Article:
Given the vast and growing number of open-source projects, one would assume its quality had gone down as quantity went up. In fact, the inverse is true, suggests a new report from Coverity, which spent the past three years analyzing more than 11 billion lines lines of code from 280 open-source projects. This is crucial given open source's increased importance to the software industry as a whole, and not merely self-styled "open-source companies."
Among other findings, Coverity's report reveals a 16-percent reduction in static analysis defect density. While Coverity's analysis doesn't cover all or even most open-source projects, which number in the hundreds of thousands, it does tell us a great deal about the quality of the more successful projects like Linux, Firefox, Samba, and PHP.
Each of these projects is growing, and on average their quality is getting better. That's a feat of which few commercial software products can boast.
Such vendors are, however, taking notice. SAP, for example, despite its billions in sales, is trawling for sales leads on open-source start-up Openbravo's SourceForge.net project page.
SAP and other traditional software vendors aren't stupid. They can see a significant customer shift to subscription-based open-source offerings. Customers are increasingly looking for ways to lower costs and boost productivity through open source, as David Buckholtz, vice president of Enterprise Technology and Quality at Sony Pictures Entertainment, told the LinuxCon crowd Tuesday in a panel I moderated. Buckholtz suggested that what started out as a small experiment to replace BEA WebLogic, became a major shift to using open-source technology all over SPE, both to cut costs and improve product quality.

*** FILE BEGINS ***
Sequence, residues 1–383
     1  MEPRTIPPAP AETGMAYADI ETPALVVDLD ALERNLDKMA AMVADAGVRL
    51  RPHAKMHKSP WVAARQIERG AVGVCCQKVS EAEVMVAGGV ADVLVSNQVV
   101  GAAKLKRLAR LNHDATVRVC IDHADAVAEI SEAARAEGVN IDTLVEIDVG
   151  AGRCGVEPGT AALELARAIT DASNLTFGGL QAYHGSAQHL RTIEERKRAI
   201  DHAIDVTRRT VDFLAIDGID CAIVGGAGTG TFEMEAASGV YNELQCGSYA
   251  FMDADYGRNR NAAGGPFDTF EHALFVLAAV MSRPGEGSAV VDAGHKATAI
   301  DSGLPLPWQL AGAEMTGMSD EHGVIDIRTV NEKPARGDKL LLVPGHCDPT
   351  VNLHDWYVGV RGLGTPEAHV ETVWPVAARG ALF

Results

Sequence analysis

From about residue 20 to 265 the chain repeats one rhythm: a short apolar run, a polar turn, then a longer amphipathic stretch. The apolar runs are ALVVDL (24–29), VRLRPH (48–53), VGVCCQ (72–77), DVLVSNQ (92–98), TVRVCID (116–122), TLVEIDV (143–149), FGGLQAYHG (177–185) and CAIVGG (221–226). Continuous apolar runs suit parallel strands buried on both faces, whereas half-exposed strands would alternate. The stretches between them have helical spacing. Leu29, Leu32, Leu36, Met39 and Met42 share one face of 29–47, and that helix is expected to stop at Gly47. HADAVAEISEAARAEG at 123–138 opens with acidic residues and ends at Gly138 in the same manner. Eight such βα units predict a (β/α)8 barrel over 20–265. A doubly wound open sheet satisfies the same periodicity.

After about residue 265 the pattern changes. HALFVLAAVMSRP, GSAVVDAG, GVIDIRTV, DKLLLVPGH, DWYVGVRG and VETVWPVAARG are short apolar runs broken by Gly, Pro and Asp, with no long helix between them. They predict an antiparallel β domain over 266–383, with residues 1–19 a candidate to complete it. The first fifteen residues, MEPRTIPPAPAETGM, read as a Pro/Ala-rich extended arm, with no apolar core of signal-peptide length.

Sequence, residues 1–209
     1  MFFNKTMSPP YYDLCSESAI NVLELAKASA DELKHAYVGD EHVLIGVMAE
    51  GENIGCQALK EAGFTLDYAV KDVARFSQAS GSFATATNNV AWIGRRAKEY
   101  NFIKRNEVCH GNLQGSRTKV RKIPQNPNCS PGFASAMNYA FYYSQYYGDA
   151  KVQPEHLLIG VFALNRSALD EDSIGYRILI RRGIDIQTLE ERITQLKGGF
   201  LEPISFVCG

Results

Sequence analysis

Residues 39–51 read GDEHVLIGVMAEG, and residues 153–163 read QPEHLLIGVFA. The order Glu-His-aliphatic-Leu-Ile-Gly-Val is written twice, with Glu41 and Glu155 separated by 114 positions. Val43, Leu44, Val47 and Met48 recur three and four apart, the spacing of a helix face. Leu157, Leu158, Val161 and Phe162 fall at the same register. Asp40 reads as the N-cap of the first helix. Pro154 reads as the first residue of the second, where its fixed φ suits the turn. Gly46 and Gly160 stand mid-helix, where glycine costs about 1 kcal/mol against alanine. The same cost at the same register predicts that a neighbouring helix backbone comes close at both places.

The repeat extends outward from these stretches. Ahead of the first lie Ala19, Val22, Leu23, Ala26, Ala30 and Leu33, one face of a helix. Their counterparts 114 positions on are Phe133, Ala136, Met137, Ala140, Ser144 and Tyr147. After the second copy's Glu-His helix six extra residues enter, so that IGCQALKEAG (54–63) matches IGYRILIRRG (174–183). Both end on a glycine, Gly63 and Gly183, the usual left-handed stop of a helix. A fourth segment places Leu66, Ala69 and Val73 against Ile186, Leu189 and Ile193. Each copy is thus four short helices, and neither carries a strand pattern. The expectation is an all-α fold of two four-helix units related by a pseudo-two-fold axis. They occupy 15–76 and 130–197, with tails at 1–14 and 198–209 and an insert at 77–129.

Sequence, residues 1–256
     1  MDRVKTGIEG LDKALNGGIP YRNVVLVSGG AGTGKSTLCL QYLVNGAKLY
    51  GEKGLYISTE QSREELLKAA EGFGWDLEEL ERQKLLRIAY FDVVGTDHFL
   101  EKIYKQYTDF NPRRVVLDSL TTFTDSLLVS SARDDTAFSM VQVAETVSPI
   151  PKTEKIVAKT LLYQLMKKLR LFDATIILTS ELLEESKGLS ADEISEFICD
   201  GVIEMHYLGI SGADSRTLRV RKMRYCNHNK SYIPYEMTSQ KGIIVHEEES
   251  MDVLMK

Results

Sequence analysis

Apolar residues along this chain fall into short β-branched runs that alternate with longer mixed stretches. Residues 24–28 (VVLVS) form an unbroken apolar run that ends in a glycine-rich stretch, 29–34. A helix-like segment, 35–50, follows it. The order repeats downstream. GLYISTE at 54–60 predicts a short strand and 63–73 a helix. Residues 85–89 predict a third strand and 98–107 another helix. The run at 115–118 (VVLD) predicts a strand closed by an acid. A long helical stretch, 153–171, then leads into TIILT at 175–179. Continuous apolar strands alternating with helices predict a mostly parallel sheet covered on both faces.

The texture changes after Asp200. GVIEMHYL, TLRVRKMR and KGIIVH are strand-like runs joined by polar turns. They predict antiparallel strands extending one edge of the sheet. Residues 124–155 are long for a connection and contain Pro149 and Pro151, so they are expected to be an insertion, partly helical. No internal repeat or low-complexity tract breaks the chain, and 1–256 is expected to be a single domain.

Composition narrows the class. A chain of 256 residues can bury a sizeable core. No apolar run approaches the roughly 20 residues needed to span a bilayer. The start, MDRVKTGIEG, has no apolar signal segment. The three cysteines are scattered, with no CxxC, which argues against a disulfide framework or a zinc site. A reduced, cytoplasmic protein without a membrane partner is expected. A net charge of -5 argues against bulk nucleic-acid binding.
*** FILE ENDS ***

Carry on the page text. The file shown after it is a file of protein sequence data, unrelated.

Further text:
No, not all open-source software is fantastic, and undoubtedly even some of the commercial open-source software offerings are weak. The best open-source projects, as Intel's Dirk Hohndel pointed out in his LinuxCon keynote, are those with strong execution and vision. Just like in the proprietary software world.
Coverity's analysis, however, suggests that open-source software may have the upper hand on its proprietary peers. Open-source quality is almost certainly a direct result of open-source transparency, something Red Hat CEO Jim Whitehurst suggested at Red Hat Summit recently when he opined, "If we all had to walk around naked we'd all spend more time in the gym."
An open-source project will only be as good as the developers who work on it, but those developers have a strong motivation to make the code secure, robust, and high performance. The code is "naked," as it were. The source code is open.
Customers and competitors are noticing.
Disclosure: SAP Ventures is an investor in Alfresco, my employer, and I am an adviser to Openbravo.